There are few universally accepted truths in our world, but there are a few: the earth is round. The sky is blue. Jack could have fit on that door with Rose in Titanic, thus making his tragic death unnecessary.
Despite the decades-spanning lament by fans that had Rose only scooted over a little bit all of this could have been avoided (even Kate Winslet agrees that her character could have made room) director James Cameron has had about enough of the endless speculation.
In a new interview, Vanity Fair asks him the common fan question outright, and Cameron points out the necessity for Jack’s end from a plot perspective.
“The answer is very simple because it says on page 147 that Jack dies,” he explained. “Very simple… Obviously it was an artistic choice, the thing was just big enough to hold her, and not big enough to hold him.”
He’s also grown weary of the debate (and probably being asked this question).
“I think it’s all kind of silly, really, that we’re having this discussion 20 years later. But it does show that the film was effective in making Jack so endearing to the audience that it hurts them to see him die. Had he lived, the ending of the film would have been meaningless…The film is about death and separation; he had to die. So whether it was that, or whether a smoke stack fell on him, he was going down. It’s called art, things happen for artistic reasons, not for physics reasons.”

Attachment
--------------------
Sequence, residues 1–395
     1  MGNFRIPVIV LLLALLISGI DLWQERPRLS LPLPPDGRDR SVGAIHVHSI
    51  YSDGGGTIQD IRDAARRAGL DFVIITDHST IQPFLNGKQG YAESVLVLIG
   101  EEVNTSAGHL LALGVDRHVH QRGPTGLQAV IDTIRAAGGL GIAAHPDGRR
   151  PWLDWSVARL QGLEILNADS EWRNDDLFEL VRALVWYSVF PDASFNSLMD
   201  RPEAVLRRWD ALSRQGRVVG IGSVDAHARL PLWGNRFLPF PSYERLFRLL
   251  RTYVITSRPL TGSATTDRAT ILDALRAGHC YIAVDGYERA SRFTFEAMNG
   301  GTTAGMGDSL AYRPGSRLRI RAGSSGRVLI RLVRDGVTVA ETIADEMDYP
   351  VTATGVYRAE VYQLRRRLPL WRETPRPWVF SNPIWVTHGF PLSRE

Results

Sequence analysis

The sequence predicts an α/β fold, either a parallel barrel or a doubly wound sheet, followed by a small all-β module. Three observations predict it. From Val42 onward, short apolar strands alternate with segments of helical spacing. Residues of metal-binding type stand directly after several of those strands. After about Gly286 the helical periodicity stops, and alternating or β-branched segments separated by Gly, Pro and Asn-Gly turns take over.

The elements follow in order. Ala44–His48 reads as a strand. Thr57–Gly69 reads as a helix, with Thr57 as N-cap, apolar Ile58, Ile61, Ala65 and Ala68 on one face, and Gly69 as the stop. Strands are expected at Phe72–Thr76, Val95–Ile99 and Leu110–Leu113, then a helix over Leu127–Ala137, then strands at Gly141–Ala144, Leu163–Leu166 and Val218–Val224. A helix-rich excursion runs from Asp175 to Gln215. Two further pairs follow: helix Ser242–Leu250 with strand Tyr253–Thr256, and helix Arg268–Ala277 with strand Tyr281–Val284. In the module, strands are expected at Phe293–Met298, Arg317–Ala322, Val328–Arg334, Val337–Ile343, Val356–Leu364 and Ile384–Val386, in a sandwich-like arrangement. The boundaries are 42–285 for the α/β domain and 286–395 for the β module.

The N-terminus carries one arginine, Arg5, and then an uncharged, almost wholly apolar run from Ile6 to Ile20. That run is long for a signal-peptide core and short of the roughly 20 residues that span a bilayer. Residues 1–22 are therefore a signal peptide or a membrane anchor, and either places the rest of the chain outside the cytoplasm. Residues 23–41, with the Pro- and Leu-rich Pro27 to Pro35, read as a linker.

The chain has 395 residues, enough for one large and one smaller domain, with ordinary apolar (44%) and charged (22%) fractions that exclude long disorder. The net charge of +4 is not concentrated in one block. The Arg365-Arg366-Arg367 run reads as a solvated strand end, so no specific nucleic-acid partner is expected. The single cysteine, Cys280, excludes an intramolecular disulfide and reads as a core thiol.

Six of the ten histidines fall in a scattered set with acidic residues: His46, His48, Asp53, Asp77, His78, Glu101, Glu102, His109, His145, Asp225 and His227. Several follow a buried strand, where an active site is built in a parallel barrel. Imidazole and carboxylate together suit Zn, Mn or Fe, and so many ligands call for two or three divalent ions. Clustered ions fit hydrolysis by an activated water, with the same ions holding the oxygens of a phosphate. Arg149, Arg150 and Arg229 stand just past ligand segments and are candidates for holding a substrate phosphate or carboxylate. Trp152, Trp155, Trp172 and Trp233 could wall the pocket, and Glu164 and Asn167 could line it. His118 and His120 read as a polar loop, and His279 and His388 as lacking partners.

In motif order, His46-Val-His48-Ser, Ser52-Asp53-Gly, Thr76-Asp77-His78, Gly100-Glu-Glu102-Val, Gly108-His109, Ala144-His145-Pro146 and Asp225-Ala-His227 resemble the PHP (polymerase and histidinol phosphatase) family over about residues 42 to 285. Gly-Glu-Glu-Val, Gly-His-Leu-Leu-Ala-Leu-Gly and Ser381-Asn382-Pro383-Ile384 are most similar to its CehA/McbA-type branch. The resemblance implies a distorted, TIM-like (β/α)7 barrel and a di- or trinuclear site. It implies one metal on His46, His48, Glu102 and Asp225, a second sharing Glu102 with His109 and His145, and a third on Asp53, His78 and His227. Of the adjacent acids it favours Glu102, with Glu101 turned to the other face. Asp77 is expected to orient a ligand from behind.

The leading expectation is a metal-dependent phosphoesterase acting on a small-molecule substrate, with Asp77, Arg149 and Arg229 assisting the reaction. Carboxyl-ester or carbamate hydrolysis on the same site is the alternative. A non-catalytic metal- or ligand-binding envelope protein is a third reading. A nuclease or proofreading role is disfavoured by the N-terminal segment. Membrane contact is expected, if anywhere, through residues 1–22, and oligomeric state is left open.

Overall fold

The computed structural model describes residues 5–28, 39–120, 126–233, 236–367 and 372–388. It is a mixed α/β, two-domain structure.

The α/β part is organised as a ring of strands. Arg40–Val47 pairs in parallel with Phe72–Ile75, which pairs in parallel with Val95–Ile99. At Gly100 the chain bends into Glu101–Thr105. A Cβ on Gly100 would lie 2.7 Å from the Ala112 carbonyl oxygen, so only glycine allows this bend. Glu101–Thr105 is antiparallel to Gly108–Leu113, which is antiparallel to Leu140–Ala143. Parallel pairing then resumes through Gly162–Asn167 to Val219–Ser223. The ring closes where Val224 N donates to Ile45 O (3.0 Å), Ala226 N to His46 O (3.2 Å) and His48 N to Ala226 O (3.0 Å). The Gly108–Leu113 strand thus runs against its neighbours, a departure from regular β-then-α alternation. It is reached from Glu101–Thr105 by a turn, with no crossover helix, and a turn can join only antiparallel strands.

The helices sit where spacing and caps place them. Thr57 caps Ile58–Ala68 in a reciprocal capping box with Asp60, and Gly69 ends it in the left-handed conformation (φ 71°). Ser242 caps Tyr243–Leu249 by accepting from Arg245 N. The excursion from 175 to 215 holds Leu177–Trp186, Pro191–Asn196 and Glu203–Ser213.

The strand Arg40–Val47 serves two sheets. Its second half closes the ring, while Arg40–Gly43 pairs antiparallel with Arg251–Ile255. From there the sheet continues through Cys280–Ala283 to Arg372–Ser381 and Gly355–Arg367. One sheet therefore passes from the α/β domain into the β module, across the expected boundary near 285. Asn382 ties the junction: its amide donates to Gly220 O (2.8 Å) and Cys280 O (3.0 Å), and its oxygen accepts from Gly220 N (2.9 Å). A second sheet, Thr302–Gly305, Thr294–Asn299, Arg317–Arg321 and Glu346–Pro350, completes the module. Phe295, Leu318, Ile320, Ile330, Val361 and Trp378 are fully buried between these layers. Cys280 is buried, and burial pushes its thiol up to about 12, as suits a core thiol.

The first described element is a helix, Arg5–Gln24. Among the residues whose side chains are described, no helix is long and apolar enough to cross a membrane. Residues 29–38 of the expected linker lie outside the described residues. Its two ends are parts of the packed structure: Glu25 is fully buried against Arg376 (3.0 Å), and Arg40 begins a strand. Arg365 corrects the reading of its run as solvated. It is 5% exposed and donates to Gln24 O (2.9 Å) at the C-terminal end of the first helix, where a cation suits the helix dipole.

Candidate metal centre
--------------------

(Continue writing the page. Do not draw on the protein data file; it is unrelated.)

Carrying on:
That said, Cameron absolutely stands by his claim that from a physics perspective, Jack could not have fit on that board.
“I was in the water with the piece of wood putting people on it for about two days getting it exactly buoyant enough so that it would support one person with full free-board, meaning that she wasn’t immersed at all in the 28 degree water so that she could survive the three hours it took until the rescue ship got there,” he said. “I believed at the time, and still do, that that’s what it would have taken for one person to survive.”
Every Titanic fan forever and always: